Técnicas de vanguardia

Cone Beam CT Scanner

Dental cone beam computed tomography (CT) is a special type of x-ray machine used in situations where regular dental or facial x-rays are not sufficient. This type of CT scanner uses a special type of technology to generate three dimensional (3-D) images of dental structures, soft tissues, nerve paths and bone in the craniofacial region in a single scan. Images obtained with cone beam CT allow for more precise treatment planning.

You should wear comfortable, loose-fitting clothing to your exam. You may be given a gown to wear during the procedure.

Metal objects, including jewelry, eyeglasses, dentures and hairpins, may affect the CT images and should be left at home or removed prior to your exam. You may also be asked to remove hearing aids and removable dental work. Women will be asked to remove bras containing metal underwire. You may be asked to remove any piercings, if possible.

Cone beam CT is not the same as conventional CT. sin embargo, dental cone beam CT can be used to produce images that are similar to those produced by conventional CT imaging.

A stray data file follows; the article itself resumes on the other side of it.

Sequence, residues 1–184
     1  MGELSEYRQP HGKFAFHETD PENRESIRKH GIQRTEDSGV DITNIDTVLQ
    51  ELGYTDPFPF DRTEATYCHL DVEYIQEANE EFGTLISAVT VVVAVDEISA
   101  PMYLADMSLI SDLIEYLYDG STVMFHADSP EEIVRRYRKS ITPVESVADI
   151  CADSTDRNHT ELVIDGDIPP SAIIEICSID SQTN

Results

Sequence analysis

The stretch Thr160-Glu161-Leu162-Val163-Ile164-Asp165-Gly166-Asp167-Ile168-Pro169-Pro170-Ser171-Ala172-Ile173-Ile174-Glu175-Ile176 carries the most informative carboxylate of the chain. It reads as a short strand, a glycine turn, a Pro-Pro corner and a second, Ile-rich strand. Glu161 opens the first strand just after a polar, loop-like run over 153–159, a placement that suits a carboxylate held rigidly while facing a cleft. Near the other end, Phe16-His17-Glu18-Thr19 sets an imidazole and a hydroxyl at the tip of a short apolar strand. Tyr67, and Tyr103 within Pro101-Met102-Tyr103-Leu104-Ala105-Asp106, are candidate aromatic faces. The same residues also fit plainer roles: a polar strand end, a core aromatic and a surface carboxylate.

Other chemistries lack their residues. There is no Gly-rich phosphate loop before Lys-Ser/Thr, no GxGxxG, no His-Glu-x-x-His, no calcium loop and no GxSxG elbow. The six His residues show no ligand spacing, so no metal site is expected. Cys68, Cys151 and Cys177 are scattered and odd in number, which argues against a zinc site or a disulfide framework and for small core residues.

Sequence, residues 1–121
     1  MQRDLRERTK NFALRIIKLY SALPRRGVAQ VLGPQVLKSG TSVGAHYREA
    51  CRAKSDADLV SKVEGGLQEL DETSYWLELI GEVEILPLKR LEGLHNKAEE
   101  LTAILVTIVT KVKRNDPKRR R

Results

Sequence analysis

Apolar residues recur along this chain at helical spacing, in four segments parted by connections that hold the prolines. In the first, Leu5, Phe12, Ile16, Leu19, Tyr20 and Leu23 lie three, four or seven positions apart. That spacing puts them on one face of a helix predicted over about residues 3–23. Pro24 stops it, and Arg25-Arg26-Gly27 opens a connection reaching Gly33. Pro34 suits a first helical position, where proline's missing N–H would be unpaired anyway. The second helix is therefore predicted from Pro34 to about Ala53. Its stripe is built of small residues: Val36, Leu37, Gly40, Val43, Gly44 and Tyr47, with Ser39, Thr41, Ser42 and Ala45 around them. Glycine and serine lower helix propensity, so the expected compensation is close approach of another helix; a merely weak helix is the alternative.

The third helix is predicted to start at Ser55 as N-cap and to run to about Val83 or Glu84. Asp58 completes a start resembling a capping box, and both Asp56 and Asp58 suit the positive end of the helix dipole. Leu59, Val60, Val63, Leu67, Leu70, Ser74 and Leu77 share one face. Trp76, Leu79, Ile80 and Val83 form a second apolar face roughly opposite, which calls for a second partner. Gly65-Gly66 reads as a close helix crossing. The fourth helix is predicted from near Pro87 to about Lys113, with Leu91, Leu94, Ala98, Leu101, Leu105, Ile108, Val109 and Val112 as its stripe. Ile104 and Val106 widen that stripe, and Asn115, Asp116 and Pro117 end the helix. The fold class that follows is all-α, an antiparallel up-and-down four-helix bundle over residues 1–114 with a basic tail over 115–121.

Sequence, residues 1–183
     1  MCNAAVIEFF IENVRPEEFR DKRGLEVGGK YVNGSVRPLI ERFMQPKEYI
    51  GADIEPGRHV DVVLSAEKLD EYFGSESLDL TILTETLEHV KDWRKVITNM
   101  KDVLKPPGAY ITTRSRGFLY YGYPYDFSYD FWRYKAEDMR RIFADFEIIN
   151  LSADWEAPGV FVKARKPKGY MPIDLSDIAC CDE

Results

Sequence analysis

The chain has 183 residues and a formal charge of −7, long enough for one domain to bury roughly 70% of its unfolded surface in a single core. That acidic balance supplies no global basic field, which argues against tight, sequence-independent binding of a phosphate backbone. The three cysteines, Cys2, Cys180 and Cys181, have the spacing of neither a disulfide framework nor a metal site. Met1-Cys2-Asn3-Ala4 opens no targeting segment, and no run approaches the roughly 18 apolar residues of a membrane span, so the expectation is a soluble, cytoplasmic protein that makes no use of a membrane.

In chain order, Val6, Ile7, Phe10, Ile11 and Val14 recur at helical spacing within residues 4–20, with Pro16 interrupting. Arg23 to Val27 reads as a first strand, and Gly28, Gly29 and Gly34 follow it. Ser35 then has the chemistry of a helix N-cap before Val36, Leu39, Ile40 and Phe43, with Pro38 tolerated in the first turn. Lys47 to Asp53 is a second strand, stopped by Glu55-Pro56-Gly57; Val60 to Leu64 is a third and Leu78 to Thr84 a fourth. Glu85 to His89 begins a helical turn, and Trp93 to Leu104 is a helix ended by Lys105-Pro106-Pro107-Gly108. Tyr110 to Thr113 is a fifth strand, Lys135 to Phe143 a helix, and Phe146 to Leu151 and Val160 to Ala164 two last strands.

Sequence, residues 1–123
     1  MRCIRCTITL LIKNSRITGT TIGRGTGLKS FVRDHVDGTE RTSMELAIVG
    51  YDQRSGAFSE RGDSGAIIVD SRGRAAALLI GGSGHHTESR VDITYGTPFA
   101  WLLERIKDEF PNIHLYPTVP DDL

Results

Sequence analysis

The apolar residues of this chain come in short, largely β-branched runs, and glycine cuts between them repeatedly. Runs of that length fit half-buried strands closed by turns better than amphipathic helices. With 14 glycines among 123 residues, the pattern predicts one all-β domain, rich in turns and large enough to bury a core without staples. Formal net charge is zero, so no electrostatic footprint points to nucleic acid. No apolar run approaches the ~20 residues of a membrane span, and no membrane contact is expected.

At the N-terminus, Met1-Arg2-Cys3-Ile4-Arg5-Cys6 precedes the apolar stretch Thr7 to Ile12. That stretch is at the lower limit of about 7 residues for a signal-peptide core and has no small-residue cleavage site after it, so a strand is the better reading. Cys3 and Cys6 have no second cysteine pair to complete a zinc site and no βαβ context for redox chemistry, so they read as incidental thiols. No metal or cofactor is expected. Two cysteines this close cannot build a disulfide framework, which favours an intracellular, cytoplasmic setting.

With cone beam CT, an x-ray beam in the shape of a cone is moved around the patient to produce a large number of images, also called views. CT scans and cone beam CT both produce high-quality images.

Dental cone beam CT was developed as a means of producing similar types of images but with a much smaller and less expensive machine that could be placed in an outpatient office.

Cone beam CT provides detailed images of the bone and is performed to evaluate diseases of the jaw, dentition, bony structures of the face, nasal cavity and sinuses. It does not provide the full diagnostic information available with conventional CT, particularly in evaluation of soft tissue structures such as muscles, lymph nodes, glands and nerves. sin embargo, cone beam CT has the advantage of lower radiation exposure compared to conventional CT.

common uses of the Cone Beam CT ScannEr

Dental cone beam CT is commonly used for treatment planning of orthodontic issues. It is also useful for more complex cases that involve:

  • surgical planning for impacted dientes.
  • diagnosing temporomandibular joint disorder (ATM).